Freckle IoT has announced a global partnership with Cisco, allowing the in-store attribution vendor to leverage Cisco’s Meraki access points and more efficiently tie brand advertising campaigns to offline visits on a global scale. As part of the new partnership, Freckle will be a member of Cisco’s Solution Partner Program.
“For a brand that is operating internationally, we can measure offline attribution for them in any country that they are in,” explains Freckle’s founder and CEO Neil Sweeney. “It also means that for these major brands, the deployment of hardware is now seamless, as they are able to leverage pre-existing infrastructure that is in their store.”
That ability to leverage pre-existing infrastructure makes for what Sweeney describes as “frictionless execution,” and it’s one of the ways that Freckle is looking to differentiate itself in the crowded offline attribution market. Sweeney says that Freckle is aiming to become a global leader in attribution, in the same way that Moat, Integral Ad Science, and Double Verify have become leaders in viewability.
“Intuitively we believe that the industry is moving to a attribution first metric, not some of the metrics that exist today such as viewability and CTR,” he says. “There are ways in which to track online attribution, but the industry lacks a holistic voice for offline.”
Rather than relying on inferences for attribution, Freckle is directly tying opted-in consumers to store visits. The company uses data directly from smartphone handsets and marries it with brands’ global advertising campaigns to show whether specific advertising messages directly result in visits to a business.
By connecting to sensors and beacons, including the Cisco Meraki network, Freckle will be better able to match collected location information to hardware and deterministically validate in-store visits.
“Millions of dollars are being spent in media with 90% of purchases still taking place in a location. [Our solution] allows a brand to determine how effective they have been in their media allocation in driving someone into a location—something that currently has not been available,” Sweeney says. “This, too, allows for brands to move off of other metrics such as CTR and focus on a ‘per visit rate.’”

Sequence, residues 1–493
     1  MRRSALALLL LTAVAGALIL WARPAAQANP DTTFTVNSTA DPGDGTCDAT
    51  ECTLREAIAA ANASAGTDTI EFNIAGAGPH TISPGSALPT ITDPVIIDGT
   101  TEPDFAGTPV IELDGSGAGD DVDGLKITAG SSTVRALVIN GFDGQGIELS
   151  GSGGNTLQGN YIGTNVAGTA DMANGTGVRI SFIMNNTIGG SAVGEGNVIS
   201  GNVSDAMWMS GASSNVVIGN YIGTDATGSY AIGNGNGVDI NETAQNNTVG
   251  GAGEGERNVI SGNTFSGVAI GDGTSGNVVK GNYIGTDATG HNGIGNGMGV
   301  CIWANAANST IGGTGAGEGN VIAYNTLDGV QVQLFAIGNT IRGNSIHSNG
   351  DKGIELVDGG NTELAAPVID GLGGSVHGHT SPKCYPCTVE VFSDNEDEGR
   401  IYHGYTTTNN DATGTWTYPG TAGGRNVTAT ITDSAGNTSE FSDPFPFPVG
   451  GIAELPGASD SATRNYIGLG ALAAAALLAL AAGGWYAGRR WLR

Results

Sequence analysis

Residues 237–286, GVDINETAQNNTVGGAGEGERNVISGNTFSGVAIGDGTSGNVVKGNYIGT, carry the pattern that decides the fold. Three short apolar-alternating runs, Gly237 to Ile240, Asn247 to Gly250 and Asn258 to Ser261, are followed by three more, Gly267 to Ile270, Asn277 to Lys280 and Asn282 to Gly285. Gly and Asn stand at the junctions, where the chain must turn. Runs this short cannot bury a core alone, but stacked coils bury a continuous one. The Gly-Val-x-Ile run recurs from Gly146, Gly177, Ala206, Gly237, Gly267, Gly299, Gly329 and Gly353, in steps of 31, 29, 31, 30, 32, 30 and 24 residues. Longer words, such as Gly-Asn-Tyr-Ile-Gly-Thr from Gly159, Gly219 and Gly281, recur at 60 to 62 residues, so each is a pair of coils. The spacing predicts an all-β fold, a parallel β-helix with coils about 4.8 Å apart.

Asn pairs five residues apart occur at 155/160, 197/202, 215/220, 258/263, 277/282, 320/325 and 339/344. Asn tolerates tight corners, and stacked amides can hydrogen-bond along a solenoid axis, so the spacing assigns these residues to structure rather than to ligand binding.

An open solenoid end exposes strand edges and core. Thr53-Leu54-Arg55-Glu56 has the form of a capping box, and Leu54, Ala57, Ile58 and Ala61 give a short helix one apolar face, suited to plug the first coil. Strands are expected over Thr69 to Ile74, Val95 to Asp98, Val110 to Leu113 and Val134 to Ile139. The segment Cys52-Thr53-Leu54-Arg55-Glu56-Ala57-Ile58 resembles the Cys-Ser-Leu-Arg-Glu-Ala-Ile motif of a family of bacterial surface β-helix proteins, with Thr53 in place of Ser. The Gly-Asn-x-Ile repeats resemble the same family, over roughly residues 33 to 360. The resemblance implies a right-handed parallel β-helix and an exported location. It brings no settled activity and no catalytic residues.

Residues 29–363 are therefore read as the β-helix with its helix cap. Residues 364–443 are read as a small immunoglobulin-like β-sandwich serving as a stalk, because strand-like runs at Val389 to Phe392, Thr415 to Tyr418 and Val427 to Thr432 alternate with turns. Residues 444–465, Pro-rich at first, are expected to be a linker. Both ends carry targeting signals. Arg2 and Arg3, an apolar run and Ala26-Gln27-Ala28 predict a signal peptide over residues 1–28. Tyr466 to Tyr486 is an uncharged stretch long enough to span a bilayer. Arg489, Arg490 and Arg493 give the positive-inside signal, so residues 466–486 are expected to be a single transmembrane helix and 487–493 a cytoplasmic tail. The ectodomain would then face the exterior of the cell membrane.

Today’s partnership comes on the heals of another partnership between Freckle and the omnichannel identity resolution vendor LiveRamp in March. However, Freckle’s latest agreement with Cisco directly aims to solve gaps in the in-store attribution landscape.
“[Cisco’s] beacons that sit inside of their access points require a SDK in order to work. Because we focus on the SDK, this was a natural partnership—they provide the hardware, we provide the software,” Sweeney says.
The partnership also extends Freckle’s presence in the global market, allowing Cisco clients in the retail sector to use the beacons inside their physical locations to capture real world consumer behaviors. Freckle matches location data against the data from a brand’s real-time advertising campaigns to pinpoint consumers who were exposed to ads prior to making visits to a store’s location. Freckle collects data exclusively from consumers who’ve opted-in, and uses individual ID numbers to keep identities anonymous.
Although Sweeney envisions the new partnership between Freckle and Cisco as generating the greatest benefit for his company’s retail and automotive clients, he says the addition of purchase-based information means companies offering consumer-packaged goods (CPG) will eventually be able to use offline attribution as proof that their media is working, as well.
Stephanie Miles is a senior editor at Street Fight.